Ender’s Game, the classic 1985 sci-fi novel by the much despised Orson Scott Card, at last makes its way to the big screen after being stuck in development for what seems like forever. Surrounded by much controversy do to the aforementioned Card and his despicable beliefs, many people are opting to boycott the film altogether. I honestly do not support a boycott of any kind for the film. Card, despite being a complete monster of a human being, is not the only one making money off of Ender’s Game. This is a film, not the novel. If you boycott Ender’s Game, it’s not only Card that you’re boycotting, it’s everyone else involved. Look past Card to see the other, decent people whose careers are on the line. If the movie bombs it wouldn’t really effect the already excessively wealthy Card but it could potentially ruin the careers of others who worked on the film. Now that being said, you might as well not bother to watch Ender’s Game anyways because the movie is not very good. While very designed and exceptionally ambitious, Ender’s Game is dramatically inert and filled with numerous scenes that are both stale and awkward which drain any semblance of fun and energy from the proceedings. This, combined with the lack of any real stakes or tension leave Ender’s Game a chore to sit through. After this point we’re going to be getting into spoilers so be warned.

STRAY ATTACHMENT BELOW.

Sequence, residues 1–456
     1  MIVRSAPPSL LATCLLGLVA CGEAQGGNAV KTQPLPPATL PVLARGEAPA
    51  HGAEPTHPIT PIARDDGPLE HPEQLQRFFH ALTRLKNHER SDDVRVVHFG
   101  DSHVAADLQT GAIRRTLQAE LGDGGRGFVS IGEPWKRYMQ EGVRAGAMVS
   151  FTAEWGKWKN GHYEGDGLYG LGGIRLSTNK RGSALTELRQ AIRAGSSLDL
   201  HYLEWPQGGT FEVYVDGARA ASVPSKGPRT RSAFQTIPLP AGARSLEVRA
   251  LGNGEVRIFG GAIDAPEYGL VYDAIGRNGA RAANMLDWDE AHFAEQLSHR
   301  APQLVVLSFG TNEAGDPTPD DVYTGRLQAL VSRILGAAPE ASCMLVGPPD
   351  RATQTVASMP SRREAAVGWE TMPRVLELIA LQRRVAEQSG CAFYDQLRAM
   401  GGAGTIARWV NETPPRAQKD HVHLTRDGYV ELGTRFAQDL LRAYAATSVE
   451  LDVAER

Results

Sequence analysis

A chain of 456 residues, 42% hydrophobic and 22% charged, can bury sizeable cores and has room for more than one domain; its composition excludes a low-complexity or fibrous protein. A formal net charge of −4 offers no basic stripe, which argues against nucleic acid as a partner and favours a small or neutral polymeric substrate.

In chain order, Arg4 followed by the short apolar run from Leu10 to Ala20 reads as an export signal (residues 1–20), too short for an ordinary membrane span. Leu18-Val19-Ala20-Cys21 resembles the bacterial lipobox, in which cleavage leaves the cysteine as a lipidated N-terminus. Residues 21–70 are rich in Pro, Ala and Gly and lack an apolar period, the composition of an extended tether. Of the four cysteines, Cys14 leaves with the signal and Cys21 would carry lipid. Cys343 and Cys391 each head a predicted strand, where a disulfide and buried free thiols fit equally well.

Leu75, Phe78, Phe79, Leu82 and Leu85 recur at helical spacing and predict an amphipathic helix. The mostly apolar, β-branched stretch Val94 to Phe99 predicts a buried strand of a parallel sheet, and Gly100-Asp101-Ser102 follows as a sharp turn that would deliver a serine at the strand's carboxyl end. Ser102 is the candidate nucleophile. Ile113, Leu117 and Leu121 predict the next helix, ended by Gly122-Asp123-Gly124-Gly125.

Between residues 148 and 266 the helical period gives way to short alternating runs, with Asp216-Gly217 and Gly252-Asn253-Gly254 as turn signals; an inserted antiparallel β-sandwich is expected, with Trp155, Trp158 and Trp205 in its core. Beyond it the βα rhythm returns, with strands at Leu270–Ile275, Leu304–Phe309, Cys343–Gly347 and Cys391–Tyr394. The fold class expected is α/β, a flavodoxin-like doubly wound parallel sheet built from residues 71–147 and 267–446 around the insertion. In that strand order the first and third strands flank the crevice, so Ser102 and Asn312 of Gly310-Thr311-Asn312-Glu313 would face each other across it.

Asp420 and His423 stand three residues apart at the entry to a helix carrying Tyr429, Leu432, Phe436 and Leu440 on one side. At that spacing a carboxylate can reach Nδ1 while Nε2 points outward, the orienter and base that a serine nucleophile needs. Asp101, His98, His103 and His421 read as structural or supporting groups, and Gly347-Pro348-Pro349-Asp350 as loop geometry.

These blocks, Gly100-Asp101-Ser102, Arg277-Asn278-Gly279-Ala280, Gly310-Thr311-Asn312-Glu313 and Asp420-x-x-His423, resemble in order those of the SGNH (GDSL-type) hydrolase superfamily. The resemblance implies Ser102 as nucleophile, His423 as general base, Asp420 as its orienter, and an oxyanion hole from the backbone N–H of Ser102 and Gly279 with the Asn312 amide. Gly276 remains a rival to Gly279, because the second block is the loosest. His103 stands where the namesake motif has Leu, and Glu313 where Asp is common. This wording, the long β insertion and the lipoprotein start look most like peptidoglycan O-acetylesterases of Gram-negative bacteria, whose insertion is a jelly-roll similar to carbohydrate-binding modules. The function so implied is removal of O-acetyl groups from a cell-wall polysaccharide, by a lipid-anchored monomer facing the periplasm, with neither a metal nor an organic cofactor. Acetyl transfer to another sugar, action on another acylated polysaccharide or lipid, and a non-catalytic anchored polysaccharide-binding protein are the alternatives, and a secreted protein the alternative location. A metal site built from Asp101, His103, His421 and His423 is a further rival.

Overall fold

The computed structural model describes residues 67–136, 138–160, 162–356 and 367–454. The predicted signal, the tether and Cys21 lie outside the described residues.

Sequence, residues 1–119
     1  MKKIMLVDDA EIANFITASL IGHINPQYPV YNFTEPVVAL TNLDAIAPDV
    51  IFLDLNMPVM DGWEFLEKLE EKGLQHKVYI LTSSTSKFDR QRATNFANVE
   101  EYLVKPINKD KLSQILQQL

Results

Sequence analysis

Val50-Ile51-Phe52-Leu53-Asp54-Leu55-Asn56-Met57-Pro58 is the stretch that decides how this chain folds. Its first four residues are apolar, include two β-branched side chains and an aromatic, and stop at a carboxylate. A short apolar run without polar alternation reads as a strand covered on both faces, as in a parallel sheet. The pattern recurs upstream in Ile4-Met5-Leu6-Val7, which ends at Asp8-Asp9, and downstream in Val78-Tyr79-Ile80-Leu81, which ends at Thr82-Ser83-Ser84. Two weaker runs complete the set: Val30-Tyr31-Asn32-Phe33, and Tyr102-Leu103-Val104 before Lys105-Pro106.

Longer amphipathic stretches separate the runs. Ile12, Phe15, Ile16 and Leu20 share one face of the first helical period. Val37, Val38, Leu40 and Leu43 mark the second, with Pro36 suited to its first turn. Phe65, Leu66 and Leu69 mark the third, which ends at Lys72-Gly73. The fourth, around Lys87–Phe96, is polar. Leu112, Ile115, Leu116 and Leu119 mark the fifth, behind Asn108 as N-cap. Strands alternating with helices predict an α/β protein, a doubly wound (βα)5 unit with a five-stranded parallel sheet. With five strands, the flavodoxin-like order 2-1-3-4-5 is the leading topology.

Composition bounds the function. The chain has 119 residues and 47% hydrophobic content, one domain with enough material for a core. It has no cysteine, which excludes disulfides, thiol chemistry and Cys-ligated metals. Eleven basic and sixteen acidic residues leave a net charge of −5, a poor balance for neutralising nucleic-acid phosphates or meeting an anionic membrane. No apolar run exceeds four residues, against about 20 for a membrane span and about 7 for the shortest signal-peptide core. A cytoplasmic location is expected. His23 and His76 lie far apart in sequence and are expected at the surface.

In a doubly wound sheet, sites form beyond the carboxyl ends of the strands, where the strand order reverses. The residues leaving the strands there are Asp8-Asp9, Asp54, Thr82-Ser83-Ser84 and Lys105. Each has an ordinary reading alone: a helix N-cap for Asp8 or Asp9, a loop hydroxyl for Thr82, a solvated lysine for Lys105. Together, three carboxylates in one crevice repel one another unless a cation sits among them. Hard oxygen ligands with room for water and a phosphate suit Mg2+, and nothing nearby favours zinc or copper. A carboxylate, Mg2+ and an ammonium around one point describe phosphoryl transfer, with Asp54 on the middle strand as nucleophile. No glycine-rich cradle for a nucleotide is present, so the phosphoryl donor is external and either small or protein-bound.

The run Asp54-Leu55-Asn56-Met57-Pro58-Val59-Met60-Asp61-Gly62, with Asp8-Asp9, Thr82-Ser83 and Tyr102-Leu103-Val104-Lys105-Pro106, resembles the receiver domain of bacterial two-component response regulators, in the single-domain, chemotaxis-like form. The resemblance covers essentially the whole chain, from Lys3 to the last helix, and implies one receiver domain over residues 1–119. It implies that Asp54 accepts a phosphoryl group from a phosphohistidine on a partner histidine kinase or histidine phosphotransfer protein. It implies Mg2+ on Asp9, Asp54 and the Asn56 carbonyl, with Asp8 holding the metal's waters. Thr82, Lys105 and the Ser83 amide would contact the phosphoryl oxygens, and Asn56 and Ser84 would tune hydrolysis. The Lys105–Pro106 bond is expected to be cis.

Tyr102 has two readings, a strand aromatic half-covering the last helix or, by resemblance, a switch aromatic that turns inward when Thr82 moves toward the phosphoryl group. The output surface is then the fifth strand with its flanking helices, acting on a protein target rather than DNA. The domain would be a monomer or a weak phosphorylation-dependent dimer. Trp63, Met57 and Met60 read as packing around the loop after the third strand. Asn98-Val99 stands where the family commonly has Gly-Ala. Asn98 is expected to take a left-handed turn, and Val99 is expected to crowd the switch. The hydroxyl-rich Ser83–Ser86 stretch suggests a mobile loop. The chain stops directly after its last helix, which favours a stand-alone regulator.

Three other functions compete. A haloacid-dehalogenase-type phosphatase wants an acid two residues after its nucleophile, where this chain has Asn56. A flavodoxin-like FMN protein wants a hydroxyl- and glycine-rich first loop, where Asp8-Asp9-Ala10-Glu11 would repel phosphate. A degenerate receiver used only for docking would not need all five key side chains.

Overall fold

Decades after humanity was almost driven to extinction after an attack from a race of insect-like aliens called Formics, the nations of Earth have united to form the International Fleet. For vague, poorly explained reasons, the fleet has begun recruiting children and training them to command their soldiers during interstellar combat. A young, tactically gifted but emotionally cold boy named Ender Wiggin (Asa Butterfield) is chosen by Colonel Graff (Harrison Ford) to attend Battle School. There, Ender and his classmates hone their skills through elaborate war games. The film shifts the narrative focus of the story to remain entirely within the school, mostly by cutting out entire earthbound subplots from the novel. This has the unfortunate side effect of greatly lessening the scope and political charge of the original story. Ender eventually graduates to Command School where he and his accumulated friends take their “final exams” by commanding entire fleets during assaults on the enemy via virtual reality simulation. This comes to a head during the last test where Ender directs a suicidal attack on the home planet of the Formics wherein he loses the vast majority of his men to collateral damage but manages to completely eradicate the entire alien race. After their victory, the big twist reveals itself, there never was any simulation. Ender and his friends had been commanding real fleets the entire time. Ender really did let thousands of men die and he really did commit genocide against an entire species.